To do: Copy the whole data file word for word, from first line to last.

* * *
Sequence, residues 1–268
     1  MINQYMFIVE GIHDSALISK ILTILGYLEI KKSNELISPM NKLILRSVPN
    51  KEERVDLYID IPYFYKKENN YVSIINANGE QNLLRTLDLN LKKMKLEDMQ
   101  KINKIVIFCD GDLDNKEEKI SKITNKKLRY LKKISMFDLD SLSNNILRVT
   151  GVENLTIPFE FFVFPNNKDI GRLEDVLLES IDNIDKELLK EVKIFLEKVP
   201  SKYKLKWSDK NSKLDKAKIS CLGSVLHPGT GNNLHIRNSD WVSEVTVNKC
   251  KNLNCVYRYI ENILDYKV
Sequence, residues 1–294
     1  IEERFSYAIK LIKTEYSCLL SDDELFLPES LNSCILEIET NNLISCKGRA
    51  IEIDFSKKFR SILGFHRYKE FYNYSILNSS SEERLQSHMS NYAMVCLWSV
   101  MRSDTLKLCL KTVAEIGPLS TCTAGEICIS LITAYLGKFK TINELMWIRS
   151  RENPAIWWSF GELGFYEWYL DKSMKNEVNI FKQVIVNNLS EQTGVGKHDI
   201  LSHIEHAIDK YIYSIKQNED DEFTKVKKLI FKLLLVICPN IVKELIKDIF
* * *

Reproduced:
Sequence, residues 1–268
     1  MINQYMFIVE GIHDSALISK ILTILGYLEI KKSNELISPM NKLILRSVPN
    51  KEERVDLYID IPYFYKKENN YVSIINANGE QNLLRTLDLN LKKMKLEDMQ
   101  KINKIVIFCD GDLDNKEEKI SKITNKKLRY LKKISMFDLD SLSNNILRVT
   151  GVENLTIPFE FFVFPNNKDI GRLEDVLLES IDNIDKELLK EVKIFLEKVP
   201  SKYKLKWSDK NSKLDKAKIS CLGSVLHPGT GNNLHIRNSD WVSEVTVNKC
   251  KNLNCVYRYI ENILDYKV
Sequence, residues 1–294
     1  IEERFSYAIK LIKTEYSCLL SDDELFLPES LNSCILEIET NNLISCKGRA
    51  IEIDFSKKFR SILGFHRYKE FYNYSILNSS SEERLQSHMS NYAMVCLWSV
   101  MRSDTLKLCL KTVAEIGPLS TCTAGEICIS LITAYLGKFK TINELMWIRS
   151  RENPAIWWSF GELGFYEWYL DKSMKNEVNI FKQVIVNNLS EQTGVGKHDI
   201  LSHIEHAIDK YIYSIKQNED DEFTKVKKLI FKLLLVICPN IVKELIKDIF